Anaxagoras of Clazomenae

Quick Info

499 BC
Clazomenae (30 km west of Izmir), Lydia (now Turkey)
428 BC
Lampsacus, Mysia (now Turkey)

Anaxagoras was a Greek mathematician famed as the first to introduce philosophy to the Athenians. He was imprisoned for claiming that the Sun was not a god and that the Moon reflected the Sun's light.


Anaxagoras of Clazomenae was described by Proclus, the last major Greek philosopher, who lived around 450 AD as (see for example [4]):-
After [Pythagoras] Anaxagoras of Clazomenae dealt with many questions in geometry...
Anaxagoras was an Ionian, born in the neighbourhood of Smyrna in what today is Turkey. We know few details of his early life, but certainly he lived the first part of his life in Ionia where he learnt about the new studies that were taking place there in philosophy and the new found enthusiasm for a scientific study of the world. He came from a rich family but he gave up his wealth. As Heath writes in [4]:-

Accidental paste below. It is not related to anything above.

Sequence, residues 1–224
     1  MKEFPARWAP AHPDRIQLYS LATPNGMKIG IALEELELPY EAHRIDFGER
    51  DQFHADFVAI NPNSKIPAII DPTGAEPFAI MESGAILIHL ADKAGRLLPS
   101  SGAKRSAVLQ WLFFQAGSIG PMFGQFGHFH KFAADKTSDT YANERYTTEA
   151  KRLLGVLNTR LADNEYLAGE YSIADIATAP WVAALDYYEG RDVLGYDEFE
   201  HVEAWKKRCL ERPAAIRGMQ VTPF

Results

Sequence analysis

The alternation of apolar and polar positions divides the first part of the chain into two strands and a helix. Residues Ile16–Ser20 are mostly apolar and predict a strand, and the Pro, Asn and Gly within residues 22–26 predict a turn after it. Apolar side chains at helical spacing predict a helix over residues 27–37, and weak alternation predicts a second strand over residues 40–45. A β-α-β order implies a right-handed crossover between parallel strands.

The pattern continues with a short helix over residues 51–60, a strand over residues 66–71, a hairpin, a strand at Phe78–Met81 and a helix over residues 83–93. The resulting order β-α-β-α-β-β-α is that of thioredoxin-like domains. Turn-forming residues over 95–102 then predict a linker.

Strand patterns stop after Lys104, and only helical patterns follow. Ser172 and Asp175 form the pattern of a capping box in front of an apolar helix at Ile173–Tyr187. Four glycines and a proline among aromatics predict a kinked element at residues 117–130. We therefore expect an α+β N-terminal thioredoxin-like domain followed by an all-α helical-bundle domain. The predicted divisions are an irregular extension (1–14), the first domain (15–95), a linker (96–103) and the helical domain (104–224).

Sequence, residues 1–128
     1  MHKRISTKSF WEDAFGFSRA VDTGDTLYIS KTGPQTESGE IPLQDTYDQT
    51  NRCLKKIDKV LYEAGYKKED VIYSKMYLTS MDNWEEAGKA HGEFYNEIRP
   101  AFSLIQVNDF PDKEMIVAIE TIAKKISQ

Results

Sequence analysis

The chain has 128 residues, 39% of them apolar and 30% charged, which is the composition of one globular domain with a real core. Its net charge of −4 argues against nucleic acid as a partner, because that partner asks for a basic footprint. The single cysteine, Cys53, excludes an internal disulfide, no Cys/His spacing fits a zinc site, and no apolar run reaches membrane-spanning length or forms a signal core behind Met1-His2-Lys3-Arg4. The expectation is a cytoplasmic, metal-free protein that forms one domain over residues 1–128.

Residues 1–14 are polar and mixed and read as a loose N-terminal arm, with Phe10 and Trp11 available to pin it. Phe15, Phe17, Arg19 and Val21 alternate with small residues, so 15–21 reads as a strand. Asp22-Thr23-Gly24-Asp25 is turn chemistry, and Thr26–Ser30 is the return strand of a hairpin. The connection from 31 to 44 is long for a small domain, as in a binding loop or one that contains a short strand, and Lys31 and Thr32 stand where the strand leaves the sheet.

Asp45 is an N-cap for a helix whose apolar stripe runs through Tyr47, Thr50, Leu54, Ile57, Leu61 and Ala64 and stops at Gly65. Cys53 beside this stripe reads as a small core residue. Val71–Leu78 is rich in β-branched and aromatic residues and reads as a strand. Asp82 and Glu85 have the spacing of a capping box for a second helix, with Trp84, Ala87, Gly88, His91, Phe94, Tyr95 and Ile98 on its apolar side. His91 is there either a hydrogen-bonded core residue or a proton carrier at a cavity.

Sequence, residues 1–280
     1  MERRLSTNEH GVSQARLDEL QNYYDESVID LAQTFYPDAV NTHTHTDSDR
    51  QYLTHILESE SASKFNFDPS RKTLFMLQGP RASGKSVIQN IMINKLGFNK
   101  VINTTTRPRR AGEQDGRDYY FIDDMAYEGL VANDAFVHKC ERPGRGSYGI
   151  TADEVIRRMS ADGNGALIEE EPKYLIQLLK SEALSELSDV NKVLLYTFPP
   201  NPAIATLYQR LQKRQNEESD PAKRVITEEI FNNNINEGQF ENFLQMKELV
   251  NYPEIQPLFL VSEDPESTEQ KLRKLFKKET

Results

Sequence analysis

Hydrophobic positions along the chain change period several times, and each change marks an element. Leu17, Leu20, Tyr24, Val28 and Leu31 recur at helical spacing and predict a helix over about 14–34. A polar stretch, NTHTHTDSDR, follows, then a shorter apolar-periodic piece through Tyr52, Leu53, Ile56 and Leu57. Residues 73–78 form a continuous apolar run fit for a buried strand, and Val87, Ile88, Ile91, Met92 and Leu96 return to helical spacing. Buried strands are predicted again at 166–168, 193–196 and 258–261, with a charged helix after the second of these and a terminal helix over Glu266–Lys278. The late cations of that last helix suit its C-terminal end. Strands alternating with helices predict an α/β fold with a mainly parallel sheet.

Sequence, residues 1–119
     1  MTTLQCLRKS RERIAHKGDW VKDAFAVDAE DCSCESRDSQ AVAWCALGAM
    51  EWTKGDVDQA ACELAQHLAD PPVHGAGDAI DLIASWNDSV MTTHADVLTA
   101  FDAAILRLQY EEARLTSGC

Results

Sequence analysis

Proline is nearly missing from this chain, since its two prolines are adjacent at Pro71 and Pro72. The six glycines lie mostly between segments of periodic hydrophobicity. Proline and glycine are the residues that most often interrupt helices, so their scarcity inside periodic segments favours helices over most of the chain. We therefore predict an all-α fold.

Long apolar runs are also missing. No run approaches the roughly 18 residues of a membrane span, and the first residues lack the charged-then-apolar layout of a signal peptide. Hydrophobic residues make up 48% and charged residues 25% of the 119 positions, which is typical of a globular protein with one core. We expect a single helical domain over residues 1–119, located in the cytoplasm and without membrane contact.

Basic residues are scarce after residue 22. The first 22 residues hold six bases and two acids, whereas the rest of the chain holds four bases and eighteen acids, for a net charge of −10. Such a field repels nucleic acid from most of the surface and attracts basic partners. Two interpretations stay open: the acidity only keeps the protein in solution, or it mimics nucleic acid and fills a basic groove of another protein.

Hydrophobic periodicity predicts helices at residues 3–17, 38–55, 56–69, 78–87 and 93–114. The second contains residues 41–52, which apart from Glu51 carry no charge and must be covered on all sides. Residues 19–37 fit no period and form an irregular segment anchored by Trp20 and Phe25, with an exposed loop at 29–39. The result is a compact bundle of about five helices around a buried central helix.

He neglected his possessions, which were considerable, in order to devote himself to science.
Although Ionia had produced philosophers such as Pythagoras, up to the time of Anaxagoras this new study of knowledge had not spread to Athens. Anaxagoras is famed as the first to introduce philosophy to the Athenians when he moved there in about 480 BC. During Anaxagoras's stay in Athens, Pericles rose to power. Pericles, who was about five years younger than Anaxagoras, was a military and political leader who was successful in both developing democracy and building an empire which made Athens the political and cultural centre of Greece. Anaxagoras and Pericles became friends but this friendship had its drawbacks since Pericles' political opponents also set themselves against Anaxagoras.

In about 450 BC Anaxagoras was imprisoned for claiming that the Sun was not a god and that the Moon reflected the Sun's light. This seems to have been instigated by opponents of Pericles. Russell in [6] writes:-
The citizens of Athens ... passed a law permitting impeachment of those who did not practise religion and taught theories about 'the things on high'. Under this law they persecuted Anaxagoras, who was accused of teaching that the sun was a red-hot stone and the moon was earth.